Monday morning, Swami addressed the crowd overflowing the “Temple of Leaves.”
Where I’d seen Swami speak before was at another weeklong conference on communities, before a worldlier crowd that reeked importance. This was miles apart! This crowd, though similar in size, felt like family, and Swami spoke to them as such, off the cuff, much as he had to me at that other place, sitting around after. If I’d been drawn before, I was finding myself now sucked in, and happy to feel no contradiction to the growing sense that this and these people were perhaps my own.
As the week progressed and more individuals made my acquaintance, I was struck by how diverse and yet similar they were — and how intelligent! There were hippie types, doctor and lawyer types, farmer types, teacher types, ministers and monastics – every possible which way – yet something intangible united them, and included me, in a manner my other groups had not quite been able to do.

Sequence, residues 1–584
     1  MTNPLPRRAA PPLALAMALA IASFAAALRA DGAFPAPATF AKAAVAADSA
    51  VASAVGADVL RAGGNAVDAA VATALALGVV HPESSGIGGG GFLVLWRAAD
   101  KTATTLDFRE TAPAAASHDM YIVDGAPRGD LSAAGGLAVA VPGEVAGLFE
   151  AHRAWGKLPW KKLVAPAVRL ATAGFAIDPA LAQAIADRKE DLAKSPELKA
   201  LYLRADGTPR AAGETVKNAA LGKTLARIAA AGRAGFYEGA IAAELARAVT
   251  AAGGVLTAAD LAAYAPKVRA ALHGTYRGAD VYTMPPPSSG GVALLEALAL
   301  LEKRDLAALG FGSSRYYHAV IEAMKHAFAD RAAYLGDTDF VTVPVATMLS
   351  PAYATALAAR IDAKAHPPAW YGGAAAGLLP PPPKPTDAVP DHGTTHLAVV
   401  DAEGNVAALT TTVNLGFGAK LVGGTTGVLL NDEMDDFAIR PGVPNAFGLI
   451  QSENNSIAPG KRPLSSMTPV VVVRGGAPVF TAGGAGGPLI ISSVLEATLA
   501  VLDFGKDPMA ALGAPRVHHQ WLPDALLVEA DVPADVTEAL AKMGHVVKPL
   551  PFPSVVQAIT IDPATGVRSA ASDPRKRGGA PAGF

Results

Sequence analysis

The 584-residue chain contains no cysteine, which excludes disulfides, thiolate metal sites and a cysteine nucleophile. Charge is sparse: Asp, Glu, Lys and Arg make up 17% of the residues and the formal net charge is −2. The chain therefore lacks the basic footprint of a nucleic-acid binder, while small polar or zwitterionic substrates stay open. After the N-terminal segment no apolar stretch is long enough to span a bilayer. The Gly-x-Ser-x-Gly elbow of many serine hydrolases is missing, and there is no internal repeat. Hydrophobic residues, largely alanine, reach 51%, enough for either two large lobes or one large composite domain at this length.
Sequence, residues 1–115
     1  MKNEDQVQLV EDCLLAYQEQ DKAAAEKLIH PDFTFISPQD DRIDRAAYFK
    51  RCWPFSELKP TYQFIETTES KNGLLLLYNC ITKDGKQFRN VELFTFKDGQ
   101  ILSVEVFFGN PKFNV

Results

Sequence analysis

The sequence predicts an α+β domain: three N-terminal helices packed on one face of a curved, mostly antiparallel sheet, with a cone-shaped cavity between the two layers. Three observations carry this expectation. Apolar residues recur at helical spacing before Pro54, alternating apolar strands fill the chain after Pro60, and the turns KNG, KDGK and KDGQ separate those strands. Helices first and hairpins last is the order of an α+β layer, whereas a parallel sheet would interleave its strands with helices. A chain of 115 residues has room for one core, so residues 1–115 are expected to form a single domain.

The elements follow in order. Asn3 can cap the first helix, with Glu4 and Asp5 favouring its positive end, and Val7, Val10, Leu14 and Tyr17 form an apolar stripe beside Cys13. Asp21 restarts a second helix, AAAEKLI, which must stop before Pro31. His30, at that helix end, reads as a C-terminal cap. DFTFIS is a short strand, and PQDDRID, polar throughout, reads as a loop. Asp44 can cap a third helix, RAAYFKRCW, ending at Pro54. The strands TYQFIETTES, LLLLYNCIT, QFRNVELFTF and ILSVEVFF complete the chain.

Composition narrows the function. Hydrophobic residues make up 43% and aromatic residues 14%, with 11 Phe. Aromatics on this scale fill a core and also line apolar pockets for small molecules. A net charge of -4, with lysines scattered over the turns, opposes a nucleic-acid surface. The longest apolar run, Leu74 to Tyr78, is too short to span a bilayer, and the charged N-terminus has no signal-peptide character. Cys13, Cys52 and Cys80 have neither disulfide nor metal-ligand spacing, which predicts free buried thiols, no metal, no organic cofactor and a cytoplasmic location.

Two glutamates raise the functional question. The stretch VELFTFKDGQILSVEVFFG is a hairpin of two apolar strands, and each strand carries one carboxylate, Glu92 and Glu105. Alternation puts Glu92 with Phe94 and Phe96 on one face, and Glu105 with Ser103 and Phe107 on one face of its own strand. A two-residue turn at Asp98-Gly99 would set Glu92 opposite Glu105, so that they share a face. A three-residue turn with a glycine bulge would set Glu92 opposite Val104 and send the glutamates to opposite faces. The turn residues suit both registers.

I am not easily swayed, nor am I a “joiner” by any stretch. I’ve lived my life happily on the edge of most herds and give due diligence before diving into anything, rarely head first. Curiously, I recognized this same quality in these apparent joiners — for the first time ever.
That was food for thought.
Keshava Taylor was Swami’s secretary, and my point of contact with Ananda. He greeted me with exceptional warmth. I wondered if he was like that with everyone (and later discovered he was), but nonetheless found in him a kindred spirit, born of ages. He would become my first and best Ananda friend, counselor, confidant.